Thursday, 26 March 2020

Welp! It looks like I'm staying in for another three weeks!

Malaysia has just extended its MCO order to end on April 14... which means I'll have another three weeks of staying in.

This isn't much of a HUGE change for me, personally, but "Eh, I don't feel like going out" has a different connotation than "I'm not allowed to go out".

Work on the WIP is going fairly well: I passed the 30K mark on Monday, and will probably buckle down to get out another 15K to 20K by the end of the week.

Look at that!
Work-wise, I have 3 projects to keep me busy for a while.

At any rate, since I probably won't have any distractions (other than facebook, twitter, and following COVID19 updates, ha!), I decided that I might as well participate in the A to Z challenge again. 


I don't know what I'm going to be doing yet, except that it will be flash fiction. If you have any topic/theme/word suggestions, feel free to drop them in the comments.

Hope all of you are keeping safe, staying healthy, and staying at home! 


Wednesday, 25 March 2020

#bookreview: Girl, Woman, Other | Bernardine Evaristo

Girl, Woman, OtherGirl, Woman, Other by Bernardine Evaristo
My rating: 4 of 5 stars

Well. That was an interesting read.

I've read one other book by Bernardine Evaristo, Mr. Loverman, because it was on our MA reading list and she was teaching that session. I liked it so much I bought (pre-ordered) Girl, Woman, Other (oi too much money ke?) in hardback (omg anna how are you going to bring all these big, fat, heavy books home!), but also because omg I've been invited to her book launch I should gooooooooo and get the book siggggnnneeeed (I went. I did not get the book signed. Book launches are crowded and noisy and awkward, also I had pre-booked for Phantom but in hindsight...).

Minor fangirling aside, I finally got round to reading the book this week after putting it off for ages because obviously free review copies with upcoming publishing dates take priority over books I bought that were published a year ago. But I HAD TO READ IT SOON because of the Booker thing and all that; the TBR is neverending, y'know?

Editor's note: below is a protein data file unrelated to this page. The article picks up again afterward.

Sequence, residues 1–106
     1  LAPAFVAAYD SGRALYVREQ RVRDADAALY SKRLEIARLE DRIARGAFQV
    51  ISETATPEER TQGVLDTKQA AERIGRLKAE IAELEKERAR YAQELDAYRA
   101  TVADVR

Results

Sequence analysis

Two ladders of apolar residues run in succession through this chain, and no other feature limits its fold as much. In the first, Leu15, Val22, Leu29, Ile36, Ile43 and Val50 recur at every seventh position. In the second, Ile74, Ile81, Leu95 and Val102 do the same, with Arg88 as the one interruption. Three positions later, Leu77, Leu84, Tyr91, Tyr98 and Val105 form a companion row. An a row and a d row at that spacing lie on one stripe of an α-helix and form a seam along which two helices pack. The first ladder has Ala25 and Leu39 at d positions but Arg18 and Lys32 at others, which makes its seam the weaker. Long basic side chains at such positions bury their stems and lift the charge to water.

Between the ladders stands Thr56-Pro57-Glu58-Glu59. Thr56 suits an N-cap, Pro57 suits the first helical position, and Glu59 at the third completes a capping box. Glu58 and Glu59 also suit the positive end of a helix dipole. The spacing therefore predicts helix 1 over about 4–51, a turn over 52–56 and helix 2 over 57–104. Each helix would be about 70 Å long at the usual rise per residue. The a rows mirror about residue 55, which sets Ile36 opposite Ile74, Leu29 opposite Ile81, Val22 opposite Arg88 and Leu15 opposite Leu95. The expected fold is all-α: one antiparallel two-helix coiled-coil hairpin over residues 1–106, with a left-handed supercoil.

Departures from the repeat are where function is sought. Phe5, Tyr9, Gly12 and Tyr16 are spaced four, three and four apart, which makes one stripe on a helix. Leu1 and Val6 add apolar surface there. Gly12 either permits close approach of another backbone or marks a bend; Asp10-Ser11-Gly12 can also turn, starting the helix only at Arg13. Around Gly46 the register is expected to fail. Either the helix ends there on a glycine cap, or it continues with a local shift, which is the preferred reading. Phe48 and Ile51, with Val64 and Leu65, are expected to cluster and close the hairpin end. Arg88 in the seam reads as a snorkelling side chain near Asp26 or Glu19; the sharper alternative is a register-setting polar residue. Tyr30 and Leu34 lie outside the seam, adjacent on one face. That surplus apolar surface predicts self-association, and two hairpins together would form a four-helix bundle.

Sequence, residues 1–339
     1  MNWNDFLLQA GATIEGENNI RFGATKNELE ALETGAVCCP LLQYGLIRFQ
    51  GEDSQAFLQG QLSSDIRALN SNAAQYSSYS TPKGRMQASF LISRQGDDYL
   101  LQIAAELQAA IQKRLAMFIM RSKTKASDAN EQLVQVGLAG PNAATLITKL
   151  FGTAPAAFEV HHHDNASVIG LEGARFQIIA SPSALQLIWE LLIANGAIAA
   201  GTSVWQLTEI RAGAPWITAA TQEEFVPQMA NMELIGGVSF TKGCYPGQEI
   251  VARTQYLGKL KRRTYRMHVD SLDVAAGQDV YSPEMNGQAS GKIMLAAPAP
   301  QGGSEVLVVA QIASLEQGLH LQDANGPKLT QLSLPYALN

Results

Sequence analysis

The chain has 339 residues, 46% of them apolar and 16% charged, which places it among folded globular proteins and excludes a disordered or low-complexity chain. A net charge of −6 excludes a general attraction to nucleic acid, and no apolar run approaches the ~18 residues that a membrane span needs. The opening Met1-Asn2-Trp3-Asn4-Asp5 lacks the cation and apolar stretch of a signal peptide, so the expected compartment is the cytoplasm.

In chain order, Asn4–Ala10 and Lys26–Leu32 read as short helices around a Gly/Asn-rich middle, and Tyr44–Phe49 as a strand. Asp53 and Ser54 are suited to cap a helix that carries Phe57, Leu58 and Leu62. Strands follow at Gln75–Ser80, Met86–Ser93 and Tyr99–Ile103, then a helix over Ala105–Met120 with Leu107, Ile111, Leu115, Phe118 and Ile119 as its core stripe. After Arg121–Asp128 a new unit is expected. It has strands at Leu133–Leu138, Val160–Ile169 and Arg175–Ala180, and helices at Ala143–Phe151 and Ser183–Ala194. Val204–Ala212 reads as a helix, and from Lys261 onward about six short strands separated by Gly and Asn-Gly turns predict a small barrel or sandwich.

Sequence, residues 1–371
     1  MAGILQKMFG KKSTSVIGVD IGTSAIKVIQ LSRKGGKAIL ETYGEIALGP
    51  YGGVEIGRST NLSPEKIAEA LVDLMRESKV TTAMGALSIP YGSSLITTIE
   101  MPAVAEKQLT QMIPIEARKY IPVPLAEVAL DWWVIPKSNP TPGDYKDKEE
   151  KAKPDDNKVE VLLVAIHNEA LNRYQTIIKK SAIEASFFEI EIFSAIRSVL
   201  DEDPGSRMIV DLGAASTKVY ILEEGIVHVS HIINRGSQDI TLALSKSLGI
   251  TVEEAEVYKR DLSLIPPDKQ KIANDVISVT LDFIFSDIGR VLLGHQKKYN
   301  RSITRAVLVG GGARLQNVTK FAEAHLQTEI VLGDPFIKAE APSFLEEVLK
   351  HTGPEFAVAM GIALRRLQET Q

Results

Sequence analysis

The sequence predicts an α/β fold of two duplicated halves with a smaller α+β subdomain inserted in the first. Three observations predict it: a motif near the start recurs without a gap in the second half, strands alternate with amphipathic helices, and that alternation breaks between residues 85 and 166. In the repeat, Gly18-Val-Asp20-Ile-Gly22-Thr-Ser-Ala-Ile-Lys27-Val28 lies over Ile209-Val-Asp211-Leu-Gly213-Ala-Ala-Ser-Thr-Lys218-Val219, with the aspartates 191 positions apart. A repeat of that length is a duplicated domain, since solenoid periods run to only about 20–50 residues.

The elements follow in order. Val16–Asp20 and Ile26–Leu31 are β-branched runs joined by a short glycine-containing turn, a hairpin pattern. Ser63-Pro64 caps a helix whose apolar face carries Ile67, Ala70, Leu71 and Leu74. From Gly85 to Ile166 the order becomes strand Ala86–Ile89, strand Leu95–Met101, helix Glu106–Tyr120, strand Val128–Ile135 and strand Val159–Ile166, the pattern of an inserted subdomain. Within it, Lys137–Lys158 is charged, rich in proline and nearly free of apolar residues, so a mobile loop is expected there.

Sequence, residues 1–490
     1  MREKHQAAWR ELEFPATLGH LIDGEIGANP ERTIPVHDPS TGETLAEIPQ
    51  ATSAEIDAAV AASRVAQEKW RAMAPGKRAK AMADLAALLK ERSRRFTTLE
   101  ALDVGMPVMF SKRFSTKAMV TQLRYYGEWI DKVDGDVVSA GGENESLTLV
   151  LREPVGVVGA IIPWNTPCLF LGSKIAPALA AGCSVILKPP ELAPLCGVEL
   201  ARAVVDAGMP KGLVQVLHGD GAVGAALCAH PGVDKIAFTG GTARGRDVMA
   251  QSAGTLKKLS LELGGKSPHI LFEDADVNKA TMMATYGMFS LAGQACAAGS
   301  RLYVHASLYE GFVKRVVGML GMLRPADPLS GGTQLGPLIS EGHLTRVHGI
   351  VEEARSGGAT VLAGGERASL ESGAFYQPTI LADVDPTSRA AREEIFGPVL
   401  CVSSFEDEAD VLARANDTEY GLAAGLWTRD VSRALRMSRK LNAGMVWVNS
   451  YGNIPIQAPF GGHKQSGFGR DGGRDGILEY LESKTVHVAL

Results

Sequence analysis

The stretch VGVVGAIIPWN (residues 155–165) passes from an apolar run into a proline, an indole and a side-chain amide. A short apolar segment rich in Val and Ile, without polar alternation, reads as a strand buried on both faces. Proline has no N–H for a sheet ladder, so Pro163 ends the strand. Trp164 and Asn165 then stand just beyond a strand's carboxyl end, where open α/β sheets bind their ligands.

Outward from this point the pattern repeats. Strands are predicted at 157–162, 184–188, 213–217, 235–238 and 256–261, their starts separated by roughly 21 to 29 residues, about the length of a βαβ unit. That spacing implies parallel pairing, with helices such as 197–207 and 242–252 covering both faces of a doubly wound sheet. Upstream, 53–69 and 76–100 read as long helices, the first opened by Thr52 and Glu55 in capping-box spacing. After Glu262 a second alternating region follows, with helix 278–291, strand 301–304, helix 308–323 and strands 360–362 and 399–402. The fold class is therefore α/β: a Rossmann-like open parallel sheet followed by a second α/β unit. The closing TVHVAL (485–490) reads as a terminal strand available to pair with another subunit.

But about the book.

Girl, Woman, Other is easy to read. It feels like speech, like these twelve women (womxn?) speaking to you
narration flowing into speech, everything is fluid and leading you somewhere
prose-poetry, or poetry-prose
whichever way you put it
it speaks to your soul, wrenches at your emotions
you have to nod and go, yeah, I feel you
not denying history, reality, but dragging it out to be acknowledged
and even if you're not black nor British
you relate

Girl, Woman, Other is also difficult to read. It takes a while to get used to the style it's written in, it takes a little time to figure out the patois and pidgin, but most of all, it takes a lot of effort to follow the connections as Evaristo points you from one person to another and then back again. (Was this person mentioned before? Oh yeah, so-and-so's friend, I forgot. Wait, I did not expect that connection, huh!) She doesn't sugarcoat the dark stuff, but neither is it graphic.

I think it is, overall, a good read, an eye-opening read, and I may one day revisit it again.

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Tuesday, 24 March 2020

#coverreveal: Shadow Light | Sarah Delena White

Presenting... Shadow Light!


Night lived in a tower at the end of the world.
Her name was Layla, and the world did not know her.

Day had no tower.
His name was Aeric, and the world held no refuge for him.

Yet with the evil Coroc and his army of shadowfiends terrorizing the lands, Layla and Aeric must work together to restore light and hope before all is lost.

Night and Day must unite to save all peoples from eternal, terrifying evil in this lyrical tale that combines the wonder of George MacDonald’s fairy tales with the beauty of Tolkien’s The Silmarillion.

Shadow Light releases on 31 March! Preorder on Amazon now.
Add to Goodreads

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Author bio